SPORT: Kenny Dalglish – King of the Kop
All around the fields of Anfield Road we once watched the King Kenny play. Well some of us did.
Having been born in 1982, some five years after Bob Paisley broke the British transfer record to sign him from Celtic, it would be disingenuous of me to recount the playing days of one Kenneth Mathieson Dalglish. Indeed, by the time he retired from Liverpool in 1991, this writer was only nine and just starting out on my love affair with The Mighty Reds.
Nine-year old me knew, of course, that Kenny was a legend. My Dad, along with his brother and sister, followed the club home and away and would regale me with tales of the man’s genius. His vision, technique and goal-scoring prowess they just couldn’t get enough of. His league title-sealing winner at Stamford Bridge in 1986 is a moment they still talk about. They tell me he had a magnificent footballing arse. They can (and do) recall the King in his Puma clad pomp. I can’t, honestly, so I won’t attempt to do so here.
My own memories are somewhat different. I remember Dalglish as the only Liverpool player in a deck of ‘100 greatest players in football history’ collectors cards I used to paw through. I remember him beating Manchester United to the title as Blackburn manager in 1995, clinching the Premier League Title at Anfield, despite his team conceding a late Jamie Redknapp free kick which made my heart sink. I remember him as the man in the red and white bench coat who led Liverpool to the first victory that really meant anything to me – the glorious and poignant win over Everton in the 1989 Cup Final. That was the first time I ever felt the incredible sense of satisfaction and superiority that comes with getting one over on your local rivals. I didn’t, at the time, realise the intense pressure that Kenny must have been under in the May of that year, so soon after witnessing first hand tragic loss of life of 96 innocent souls during the semi-final at Hillsborough.
Despite the fact that my aforementioned Dad, Auntie and Uncle were at the home of Sheffield Wednesday on April 15th 1989 – I remember being glued to the radio with my Mum that afternoon, listening to the devastating news unfold – it wasn’t until later in life that the gravity of what happened that day really dawned on me. And it was with this realisation that my own respect and admiration for Kenny Dalglish really developed. To look back and learn about how he, along with his wife Marina, became a pillar of support for the victim’s families; attending many of the funerals and becoming a pillar of strength in the battle for justice, was to really get the measure of the man. And by 2011, when he once again came to the aid of his beloved Liverpool FC, following on from the Hicks and Gillett/Roy Hodgson debacle, I looked at Kenny Dalglish through different eyes. Not only was he arguably the greatest player to ever pull on the famous Red shirt, to me he was inarguably one of the greatest men the city has ever welcomed as a son.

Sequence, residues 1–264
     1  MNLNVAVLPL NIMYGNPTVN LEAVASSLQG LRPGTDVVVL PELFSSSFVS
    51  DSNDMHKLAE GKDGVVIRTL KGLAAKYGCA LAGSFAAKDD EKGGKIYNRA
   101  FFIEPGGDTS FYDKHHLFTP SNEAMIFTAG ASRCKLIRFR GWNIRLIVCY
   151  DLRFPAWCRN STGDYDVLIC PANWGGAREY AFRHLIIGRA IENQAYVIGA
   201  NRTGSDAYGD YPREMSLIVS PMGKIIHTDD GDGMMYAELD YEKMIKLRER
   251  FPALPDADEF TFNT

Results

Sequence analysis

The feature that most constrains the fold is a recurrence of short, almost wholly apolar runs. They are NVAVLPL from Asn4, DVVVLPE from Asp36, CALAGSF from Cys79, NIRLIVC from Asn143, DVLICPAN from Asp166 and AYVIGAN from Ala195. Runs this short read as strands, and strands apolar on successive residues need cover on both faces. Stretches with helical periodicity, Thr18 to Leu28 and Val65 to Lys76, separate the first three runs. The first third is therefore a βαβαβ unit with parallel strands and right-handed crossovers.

Like anyone who has stood on The Kop over the last 20 years, I’ve often bellowed the words “Where once we watched the King Kenny play (and could he play!)”. The truth is, I was much too young during the latter days of his playing career to really remember the great man gracing the fields of Anfield Road. I’ve seen the videos and the Youtube clips but it’s not the same. No, my memories of Kenny Dalglish are of the man. And what a man he his.
THIS ARTICLE IS BROUGHT TO YOU IN ASSOCIATION WITH AAA SPORTS MEMORABILIA – CLICK HERE TO CHECK OUT THEIR EXCLUSIVE RANGE OF AUTHENTICALLY SIGNED KENNY DALGLISH MEMORABILIA. GET 20% OFF ALL KENNY MEMORABILIA IN APRIL – QUOTE ‘KENNY20’ AT THE CHECKOUT.